Gallery: The Active Sun as Art

The Sun as Art

Steele Hill/SDO/Goddard Flight Center/NASA

The Sun as Art traveling exhibit presents a new way of looking at the sun as seen from space, based on images captured by NASA's premier solar mission, SDO (the Solar Dynamics Observatory). Steele Hill, SOHO/STEREO/SDO Media Specialist at NASA Goddard Space Flight Center, created this gallery of stunning images. (All images provided to SPACE.com courtesy of Steele Hill.)

Sun as Art 3D

Steele Hill/SDO/Goddard Flight Center/NASA

With this 3D effect, the sun really does seem to be floating in space, while the arcing loops above the brighter active regions can be seen rising up above the solar surface.

Shuffle the Deck

Steele Hill/SDO/Goddard Flight Center/NASA

These seven images cascading around were all taken at almost the same time. Each one shows different features of the sun in different wavelengths of light at varying heights and temperatures.

Stonehenge Sunrise

Steele Hill/SDO/Goddard Flight Center/NASA

Stonehenge in England is a mammoth stone and timber structure built 2700 years ago over hundreds of years. It is speculated that the builders oriented some of the structure to mark astronomical events like equinoxes.

Blue Bayou Sunset

Steele Hill/SDO/Goddard Flight Center/NASA

If one were to observe the sun rising over a bayou or ocean in extreme ultraviolet light and apply a blue filter, it might look a little like this. The active sun is peppered with magnetic field lines and active regions busily connecting and reconnecting over its surface.

Orange You Glad to See the Sun?

Steele Hill/SDO/Goddard Flight Center/NASA

Though very orange-like in appearance, a "dopplergram" image of the sun measures millions of subtle motions on the sun's surface that helps us learn about movement and structure inside the sun. It takes supercomputers to handle the calculations.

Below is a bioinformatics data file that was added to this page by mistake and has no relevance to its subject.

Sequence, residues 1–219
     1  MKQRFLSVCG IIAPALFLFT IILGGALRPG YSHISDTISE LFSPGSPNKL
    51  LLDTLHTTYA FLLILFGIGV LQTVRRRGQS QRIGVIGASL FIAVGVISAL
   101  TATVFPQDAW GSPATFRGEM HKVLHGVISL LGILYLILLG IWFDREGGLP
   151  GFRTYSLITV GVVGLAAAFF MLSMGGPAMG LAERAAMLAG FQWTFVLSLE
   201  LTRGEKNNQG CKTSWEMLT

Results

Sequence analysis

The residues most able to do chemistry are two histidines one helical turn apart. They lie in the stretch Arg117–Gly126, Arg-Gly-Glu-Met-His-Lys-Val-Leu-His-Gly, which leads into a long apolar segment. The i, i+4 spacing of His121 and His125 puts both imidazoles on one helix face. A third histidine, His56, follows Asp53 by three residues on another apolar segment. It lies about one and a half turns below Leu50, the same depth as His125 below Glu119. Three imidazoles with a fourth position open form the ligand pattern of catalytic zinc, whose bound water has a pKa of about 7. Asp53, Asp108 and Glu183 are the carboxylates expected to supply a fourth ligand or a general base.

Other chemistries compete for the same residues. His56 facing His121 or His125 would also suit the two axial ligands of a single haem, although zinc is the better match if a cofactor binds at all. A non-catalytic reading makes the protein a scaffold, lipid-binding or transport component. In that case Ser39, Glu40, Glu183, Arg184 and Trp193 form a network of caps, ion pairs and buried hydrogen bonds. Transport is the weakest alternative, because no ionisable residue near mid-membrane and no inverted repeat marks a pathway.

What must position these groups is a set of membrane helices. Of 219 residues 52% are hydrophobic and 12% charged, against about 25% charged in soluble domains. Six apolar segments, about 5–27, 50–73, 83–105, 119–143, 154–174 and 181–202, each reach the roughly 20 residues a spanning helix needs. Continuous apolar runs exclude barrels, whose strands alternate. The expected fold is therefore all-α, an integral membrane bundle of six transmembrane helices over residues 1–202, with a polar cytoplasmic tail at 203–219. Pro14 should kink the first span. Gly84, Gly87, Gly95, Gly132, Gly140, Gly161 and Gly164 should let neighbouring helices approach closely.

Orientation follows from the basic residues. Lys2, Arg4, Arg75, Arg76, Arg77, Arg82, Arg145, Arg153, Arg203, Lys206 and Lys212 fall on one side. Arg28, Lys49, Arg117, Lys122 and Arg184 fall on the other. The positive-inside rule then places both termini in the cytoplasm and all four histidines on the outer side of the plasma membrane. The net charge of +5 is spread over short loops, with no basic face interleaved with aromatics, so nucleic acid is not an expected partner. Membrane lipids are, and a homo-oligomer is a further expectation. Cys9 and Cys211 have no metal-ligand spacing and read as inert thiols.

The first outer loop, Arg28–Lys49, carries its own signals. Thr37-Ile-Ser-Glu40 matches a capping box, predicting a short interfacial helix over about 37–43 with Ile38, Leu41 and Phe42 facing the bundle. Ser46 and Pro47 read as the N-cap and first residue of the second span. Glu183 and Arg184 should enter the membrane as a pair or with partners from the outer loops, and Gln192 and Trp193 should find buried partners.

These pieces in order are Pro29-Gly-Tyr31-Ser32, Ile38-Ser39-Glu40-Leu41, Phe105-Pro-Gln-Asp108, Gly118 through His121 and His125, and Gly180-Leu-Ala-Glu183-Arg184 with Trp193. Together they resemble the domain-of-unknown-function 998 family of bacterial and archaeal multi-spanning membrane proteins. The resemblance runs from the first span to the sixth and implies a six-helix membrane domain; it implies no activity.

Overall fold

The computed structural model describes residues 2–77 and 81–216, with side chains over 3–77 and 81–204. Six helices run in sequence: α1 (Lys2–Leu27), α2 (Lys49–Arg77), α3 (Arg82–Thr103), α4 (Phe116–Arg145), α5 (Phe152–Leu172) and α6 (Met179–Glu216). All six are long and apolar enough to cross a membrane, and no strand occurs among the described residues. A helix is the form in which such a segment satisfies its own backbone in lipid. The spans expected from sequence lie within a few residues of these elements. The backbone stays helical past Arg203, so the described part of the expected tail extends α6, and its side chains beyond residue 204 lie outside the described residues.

Making Detailed Connections

Steele Hill/SDO/Goddard Flight Center/NASA

When viewed in profile, the intricate series of looping magnetic field lines appear graceful and well designed. In fact these very hot and energetic connections emerged from beneath the surface where powerful magnetic forces are engaged in a huge tug of war.

Fire Breather

Steele Hill/SDO/Goddard Flight Center/NASA

The plain blue disk blocks out the sun and the area right around it. Areas of white indicate the greatest intensity of matter; the reds somewhat less; blues, even less. An extreme ultraviolet image of the sun (blue) was superimposed on the foreground to give a sense of scale.

Magnetic Slinkies

Steele Hill/SDO/Goddard Flight Center/NASA

These detailed and tight coils of particles spiraling along magnetic field lines above an active region look a lot like Slinky toys. However, solar physicists would explain that after a solar flare these loops are busily recreating new magnetic re-connections after the magnetic field was disrupted.

Huge Prominence

Steele Hill/SDO/Goddard Flight Center/NASA

A single, gigantic prominence blossomed out from the sun on the first day that SDO began taking images. It reached out over 25 times the size of Earth. Prominences are unstable clouds of cooler gas tethered above the sun's surface by magnetic forces.

Majestic Blast

Steele Hill/SDO/Goddard Flight Center/NASA

An extreme ultraviolet image of the sun itself was enlarged and superimposed on a larger background image. The background image from the SOHO spacecraft shows a widely spreading coronal mass ejection (CME) as it blasts more than a billion tons of matter out into space at over a million miles per hour.

Have a news tip, correction or comment? Let us know at community@space.com.